Turkish court sentences journalists to years in prison for 'terrorism' charges

Cumhuriyet chairman Akin Atalay (R) and his wife Adalet Atalay speak to journalists after being released from Silivri prison on April 26, 2018.

(CNN)A Turkish court has sentenced 14 employees of a newspaper that has been critical of President Tayyip Recep Erdogan's government to prison, convicting them on 'terrorism' charges.

The lengthy sentences have added to increasing fears over press freedom, particularly with national elections taking place in June.
According to Turkish state news agency Anadolu, the court handed down sentences of up to eight years to staff members of Cumhuriyet newspaper, one of the country's last remaining independent publications.
The defendants were among over a dozen journalists and staff from Cumhuriyet to go on trial, accused of supporting terror organizations in the wake of a 2016 botched coup to oust Erdogan.
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    The staff of the paper, which has long been critical of the president, were found guilty of supporting the network of Fethullah Gulen, a Turkish cleric living in exile in the US. Erdogan claims Gulen has his supporters were behind the coup attempt, something the Pennsylvania-based cleric has denied.

    Purges after the coup

    Human rights groups said the sentences are intended to stifle criticism of the government before the snap elections, which Erdogan announced last week.
    "These politically motivated sentences are clearly intended to instill fear and silence any form of dissent," said Milena Buyum, Amnesty International's Turkey campaigner.
    "This is a shocking affront to press freedom and for justice in Turkey and sets a chilling precedent for scores of other journalists facing trials on similar trumped-up terrorism-related charges," she added.
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    In the aftermath of the failed coup, Turkey has been under a state of emergency, and Erdogan has orchestrated a series of controversial constitutional reforms while overseeing a massive purge within government ranks. Critics have argued that martial law was a pretense Erdogan was using to silence the opposition.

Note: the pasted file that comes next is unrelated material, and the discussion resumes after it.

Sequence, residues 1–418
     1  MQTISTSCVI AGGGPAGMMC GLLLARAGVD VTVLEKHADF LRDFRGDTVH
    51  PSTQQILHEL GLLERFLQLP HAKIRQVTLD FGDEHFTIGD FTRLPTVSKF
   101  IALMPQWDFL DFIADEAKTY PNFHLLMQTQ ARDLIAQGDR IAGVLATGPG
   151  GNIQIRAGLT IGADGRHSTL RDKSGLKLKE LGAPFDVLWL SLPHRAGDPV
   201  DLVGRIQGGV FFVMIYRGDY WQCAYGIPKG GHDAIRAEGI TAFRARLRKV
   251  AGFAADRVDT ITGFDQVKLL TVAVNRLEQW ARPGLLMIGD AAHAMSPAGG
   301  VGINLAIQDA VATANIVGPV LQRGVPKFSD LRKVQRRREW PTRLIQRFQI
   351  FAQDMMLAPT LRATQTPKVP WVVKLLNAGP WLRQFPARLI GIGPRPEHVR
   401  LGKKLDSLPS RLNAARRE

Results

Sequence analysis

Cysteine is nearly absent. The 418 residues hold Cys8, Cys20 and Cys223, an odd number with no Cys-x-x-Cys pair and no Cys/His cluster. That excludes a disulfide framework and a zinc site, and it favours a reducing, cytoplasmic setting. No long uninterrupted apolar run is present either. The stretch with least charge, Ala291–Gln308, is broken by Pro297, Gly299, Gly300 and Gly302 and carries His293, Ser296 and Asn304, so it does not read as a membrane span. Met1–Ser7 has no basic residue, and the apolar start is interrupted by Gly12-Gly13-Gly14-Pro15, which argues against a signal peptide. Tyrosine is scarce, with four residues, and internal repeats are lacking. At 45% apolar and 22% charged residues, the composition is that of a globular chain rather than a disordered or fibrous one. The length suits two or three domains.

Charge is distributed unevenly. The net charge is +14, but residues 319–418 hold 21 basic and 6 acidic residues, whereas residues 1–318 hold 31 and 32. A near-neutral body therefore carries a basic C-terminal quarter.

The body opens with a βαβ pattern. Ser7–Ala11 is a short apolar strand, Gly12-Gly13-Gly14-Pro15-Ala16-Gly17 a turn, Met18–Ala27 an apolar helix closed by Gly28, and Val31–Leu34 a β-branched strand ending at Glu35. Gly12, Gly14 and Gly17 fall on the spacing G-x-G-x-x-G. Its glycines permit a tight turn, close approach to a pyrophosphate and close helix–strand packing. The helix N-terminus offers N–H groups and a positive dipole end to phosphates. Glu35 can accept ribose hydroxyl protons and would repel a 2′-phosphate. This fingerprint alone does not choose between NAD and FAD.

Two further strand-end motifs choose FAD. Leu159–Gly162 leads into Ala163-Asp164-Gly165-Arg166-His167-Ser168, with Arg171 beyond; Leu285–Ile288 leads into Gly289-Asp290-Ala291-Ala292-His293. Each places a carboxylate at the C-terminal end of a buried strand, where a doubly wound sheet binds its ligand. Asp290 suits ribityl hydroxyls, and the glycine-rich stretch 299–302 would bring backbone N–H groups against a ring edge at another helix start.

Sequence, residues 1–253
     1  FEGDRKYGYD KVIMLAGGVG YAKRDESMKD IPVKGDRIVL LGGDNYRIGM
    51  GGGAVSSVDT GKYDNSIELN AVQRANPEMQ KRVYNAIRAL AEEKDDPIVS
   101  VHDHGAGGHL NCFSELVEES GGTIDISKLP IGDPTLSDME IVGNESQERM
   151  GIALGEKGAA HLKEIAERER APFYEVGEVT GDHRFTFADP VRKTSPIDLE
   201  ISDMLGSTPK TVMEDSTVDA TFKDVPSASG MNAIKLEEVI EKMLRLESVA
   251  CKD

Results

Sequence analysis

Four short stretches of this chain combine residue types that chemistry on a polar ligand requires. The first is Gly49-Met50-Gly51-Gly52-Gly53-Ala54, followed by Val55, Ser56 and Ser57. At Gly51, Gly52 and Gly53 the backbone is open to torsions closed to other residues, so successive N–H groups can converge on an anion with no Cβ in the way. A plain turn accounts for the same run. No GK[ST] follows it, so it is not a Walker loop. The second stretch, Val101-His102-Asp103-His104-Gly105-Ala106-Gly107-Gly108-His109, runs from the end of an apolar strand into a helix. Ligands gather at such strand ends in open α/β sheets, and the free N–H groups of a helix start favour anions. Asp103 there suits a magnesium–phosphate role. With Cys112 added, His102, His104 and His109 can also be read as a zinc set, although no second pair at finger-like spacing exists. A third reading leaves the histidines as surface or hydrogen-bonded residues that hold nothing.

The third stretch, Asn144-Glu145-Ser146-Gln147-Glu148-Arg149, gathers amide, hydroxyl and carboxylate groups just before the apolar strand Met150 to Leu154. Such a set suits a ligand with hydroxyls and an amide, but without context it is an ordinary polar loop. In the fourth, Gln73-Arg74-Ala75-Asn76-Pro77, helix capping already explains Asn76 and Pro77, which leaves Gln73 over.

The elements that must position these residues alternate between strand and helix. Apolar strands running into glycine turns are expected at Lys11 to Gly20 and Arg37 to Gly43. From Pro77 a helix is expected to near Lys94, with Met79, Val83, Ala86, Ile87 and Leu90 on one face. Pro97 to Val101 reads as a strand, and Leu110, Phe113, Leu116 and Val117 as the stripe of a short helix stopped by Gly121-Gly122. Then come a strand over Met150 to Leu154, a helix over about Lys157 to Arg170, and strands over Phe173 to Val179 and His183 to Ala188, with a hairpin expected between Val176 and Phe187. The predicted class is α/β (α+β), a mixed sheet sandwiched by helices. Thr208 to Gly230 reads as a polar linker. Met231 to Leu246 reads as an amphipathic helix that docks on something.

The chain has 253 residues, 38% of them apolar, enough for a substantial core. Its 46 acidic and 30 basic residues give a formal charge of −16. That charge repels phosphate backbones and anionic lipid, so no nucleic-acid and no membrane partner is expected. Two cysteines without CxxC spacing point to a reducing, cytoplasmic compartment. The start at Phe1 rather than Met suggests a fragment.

Journalists remain defiant

    Despite the crackdown Cumhuriyet didn't let up in its scrutiny of Erdogan and his ruling Justice and Development Party. After Thursday's sentencing the newspaper's journalists remained defiant.
    "No penalty can stop us from doing journalism. If needed, we will go to the prison again but we will continue to do journalism," Editor-in-Chief Murat Sabuncu, who was sentenced to seven years and six months in prison, told AFP after the verdict.
    Sabuncu and prominent investigative journalist Ahmet Sık, who was given the same sentence, were released on bail last month after spending more than a year in pretrial detention.
    "These verdicts are entirely unlawful," said Sik's wife, Yonca. "We knew that law never existed but now it's certified."
    All but one defendant in the case will remain free pending an appeal.
    Three Cumhuriyet employees were acquitted. The trial of two other Cumhuriyet journalists will continue separately.

    Fears of press freedom

    The case has underscored the dire state of press freedom in Turkey. PEN International, a writers' advocacy group, estimates that over 150 journalists and writers are in prison and more than 180 media outlets and publishing houses have been closed down.
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    More broadly, since the failed coup, 100,000 people have faced criminal investigations and at least 50,000 people have been imprisoned pending trial, Amnesty International reports. It says that over 107,000 public sector employees have been summarily dismissed.
    June's polls will be the first since a referendum last year that transformed Turkey's parliamentary democracy into a powerful executive presidency, and will hand the president sweeping new powers after the elections.
    Under the new system, the president will be able to prepare the budget and appoint high-level officials, including ministers and judges. In addition, the president will be able to declare a state of emergency, a power currently held by the government. The president could also in some circumstances dissolve parliament.